The real Brotherhood reveals itself

By Michael Weiss:

A nice sociological experiment
would be to ask any child of
average intelligence what he
thinks a fit occupation is for a man who believes all at once that Jews are a subspecies who somehow maintain a monopoly on
America’s sources of
information, that commercial
aircraft piloted by al-Qaeda
agents did not destroy the Twin Towers on 9/11, and that everything one needs to learn about life is encoded in the original “Planet of the Apes” film. I might question your sample pool if your
responses varied far beyond
“squeegie-wielder” or perhaps “syndicated AM radio talk show host.” Yet it is remarkable the ease with which a whole intellectual-industrial complex has sprung up crediting the fitness of such a person for the
presidency of the most populous Arab country. In the last month, we have learned that Mohammed Morsi thought, as few as two years
ago, that Jews, or “Zionists” as he likes to call them, are “bloodsuckers” and
“descendants of apes and pigs”; that Egyptians ought to “nurse our children and our grandchildren on hatred” of them; and that a boycott was in order of all countries that support Israel, including the United States, which only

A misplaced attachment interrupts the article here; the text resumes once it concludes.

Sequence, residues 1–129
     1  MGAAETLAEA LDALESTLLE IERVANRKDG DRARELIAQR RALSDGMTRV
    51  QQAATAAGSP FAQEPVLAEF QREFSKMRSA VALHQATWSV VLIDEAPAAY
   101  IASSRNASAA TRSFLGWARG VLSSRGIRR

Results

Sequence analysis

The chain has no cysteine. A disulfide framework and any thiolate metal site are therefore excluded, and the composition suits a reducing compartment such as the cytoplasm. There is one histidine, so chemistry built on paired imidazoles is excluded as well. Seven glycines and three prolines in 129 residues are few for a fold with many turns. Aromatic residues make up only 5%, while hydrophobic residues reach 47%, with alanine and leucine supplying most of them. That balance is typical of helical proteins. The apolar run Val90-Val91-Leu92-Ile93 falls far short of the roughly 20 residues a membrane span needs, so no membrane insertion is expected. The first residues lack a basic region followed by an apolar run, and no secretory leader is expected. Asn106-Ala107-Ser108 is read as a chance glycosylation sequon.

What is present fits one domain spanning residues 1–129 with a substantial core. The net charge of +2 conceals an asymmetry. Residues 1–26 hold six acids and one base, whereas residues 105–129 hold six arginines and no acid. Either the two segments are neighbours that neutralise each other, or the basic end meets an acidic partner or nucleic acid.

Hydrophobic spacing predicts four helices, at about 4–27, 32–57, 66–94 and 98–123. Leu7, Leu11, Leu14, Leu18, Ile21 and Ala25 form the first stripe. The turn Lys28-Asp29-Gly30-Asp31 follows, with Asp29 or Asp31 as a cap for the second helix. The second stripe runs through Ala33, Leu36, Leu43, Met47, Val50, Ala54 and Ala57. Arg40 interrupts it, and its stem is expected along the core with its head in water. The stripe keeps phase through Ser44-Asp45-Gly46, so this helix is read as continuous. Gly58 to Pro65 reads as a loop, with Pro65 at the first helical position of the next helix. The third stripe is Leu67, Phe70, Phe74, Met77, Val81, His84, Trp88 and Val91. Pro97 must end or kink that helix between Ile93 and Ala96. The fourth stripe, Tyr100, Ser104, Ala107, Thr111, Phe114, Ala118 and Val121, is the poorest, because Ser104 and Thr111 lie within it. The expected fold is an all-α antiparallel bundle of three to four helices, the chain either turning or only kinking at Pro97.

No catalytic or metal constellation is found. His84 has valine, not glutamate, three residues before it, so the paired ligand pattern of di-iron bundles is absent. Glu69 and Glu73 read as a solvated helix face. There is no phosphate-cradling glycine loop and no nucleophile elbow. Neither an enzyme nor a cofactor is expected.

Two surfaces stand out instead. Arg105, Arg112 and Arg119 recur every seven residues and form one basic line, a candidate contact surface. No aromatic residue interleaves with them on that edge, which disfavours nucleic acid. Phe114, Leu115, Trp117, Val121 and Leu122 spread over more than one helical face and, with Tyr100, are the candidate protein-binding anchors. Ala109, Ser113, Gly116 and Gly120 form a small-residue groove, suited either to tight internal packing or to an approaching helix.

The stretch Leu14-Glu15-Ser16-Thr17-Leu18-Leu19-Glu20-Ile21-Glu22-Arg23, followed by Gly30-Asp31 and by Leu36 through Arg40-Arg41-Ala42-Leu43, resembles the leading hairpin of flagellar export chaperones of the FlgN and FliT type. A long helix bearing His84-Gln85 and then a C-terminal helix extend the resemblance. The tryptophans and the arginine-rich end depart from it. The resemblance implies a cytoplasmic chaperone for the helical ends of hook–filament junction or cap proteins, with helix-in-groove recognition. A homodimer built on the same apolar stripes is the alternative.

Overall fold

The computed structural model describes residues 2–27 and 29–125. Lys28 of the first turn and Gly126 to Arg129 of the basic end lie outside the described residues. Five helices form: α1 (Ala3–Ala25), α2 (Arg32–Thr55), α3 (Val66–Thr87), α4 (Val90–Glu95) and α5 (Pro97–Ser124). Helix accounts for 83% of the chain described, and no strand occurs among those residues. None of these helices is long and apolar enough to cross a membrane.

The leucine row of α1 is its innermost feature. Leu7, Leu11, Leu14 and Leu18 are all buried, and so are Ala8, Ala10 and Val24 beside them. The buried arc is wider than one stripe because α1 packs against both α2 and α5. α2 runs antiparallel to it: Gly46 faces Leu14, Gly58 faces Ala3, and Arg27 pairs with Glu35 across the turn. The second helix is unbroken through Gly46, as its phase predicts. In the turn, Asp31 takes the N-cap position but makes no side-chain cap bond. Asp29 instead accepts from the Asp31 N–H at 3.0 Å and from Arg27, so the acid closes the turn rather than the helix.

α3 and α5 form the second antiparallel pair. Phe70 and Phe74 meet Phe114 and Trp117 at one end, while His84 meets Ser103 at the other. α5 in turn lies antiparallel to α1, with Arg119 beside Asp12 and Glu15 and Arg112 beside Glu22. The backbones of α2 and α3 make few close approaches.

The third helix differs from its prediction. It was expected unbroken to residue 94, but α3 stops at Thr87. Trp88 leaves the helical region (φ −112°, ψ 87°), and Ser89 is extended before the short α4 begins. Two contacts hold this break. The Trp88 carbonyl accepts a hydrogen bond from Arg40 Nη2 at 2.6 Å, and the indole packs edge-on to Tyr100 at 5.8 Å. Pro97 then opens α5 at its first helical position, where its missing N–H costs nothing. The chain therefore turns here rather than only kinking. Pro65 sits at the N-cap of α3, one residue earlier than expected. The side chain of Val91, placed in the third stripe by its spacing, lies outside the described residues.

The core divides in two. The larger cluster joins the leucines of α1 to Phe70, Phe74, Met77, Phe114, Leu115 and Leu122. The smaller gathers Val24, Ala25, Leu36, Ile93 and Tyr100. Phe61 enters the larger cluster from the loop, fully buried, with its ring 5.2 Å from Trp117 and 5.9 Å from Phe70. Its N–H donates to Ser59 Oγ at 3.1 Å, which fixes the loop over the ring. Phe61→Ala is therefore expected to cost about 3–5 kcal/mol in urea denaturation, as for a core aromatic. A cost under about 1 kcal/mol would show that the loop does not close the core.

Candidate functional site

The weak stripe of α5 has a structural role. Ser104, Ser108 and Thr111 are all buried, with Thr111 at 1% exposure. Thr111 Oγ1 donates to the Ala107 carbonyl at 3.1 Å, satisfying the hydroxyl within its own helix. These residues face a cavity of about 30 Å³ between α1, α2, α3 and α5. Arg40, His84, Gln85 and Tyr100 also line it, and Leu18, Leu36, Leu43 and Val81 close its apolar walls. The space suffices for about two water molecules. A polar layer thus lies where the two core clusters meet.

provides Egypt with $1.5 billion in annual subsidies.

When confronted with these comments from his not-so-distant past by a delegation of discomfited US senators, Morsi clarified that this was all a big misunderstanding,
or rather a willful
misinterpretation of what he’d intended. As one senator
summarized the Egyptian
president’s clarification, “Well, I think we all know that the media in the United States has made a big deal of this, and we know the media of the United States is controlled by certain forces and they don’t view me favorably.”

As a certain force in the media that doesn’t view him
favorably, I think I know what
Morsi meant by this. What I
don’t know is what the New
York Times meant in its editorial on the subject, wherein it claimed that such statements, which were revealed after Morsi had arrogated to himself
dictatorial powers leading to
mass riots in Egypt, “raise serious doubts about whether he can ever be the force for moderation and stability that is needed.”

What would confirm those doubts for the Times?

And why is the presumption of “moderation” still bestowed on a man and an ideological organization that have worked overtime to prove the opposite about themselves, much as excuses are still made on their behalf? The original definition of an
intellectual was someone who
grappled with the Jewish
Question and came out on the
right side. Today, it seems, that definition has widened to encompass defenders of those who don’t even know or care that such a question ever existed.

Yet “apes and pigs” isn’t the half of it. Decades of tracts, sermons and observed behavior did little to prompt a serious investigation into the totalitarian nature of the Muslim Brotherhood by a truly impressive array of policymakers, journalists and academics, some of whom continue to resist the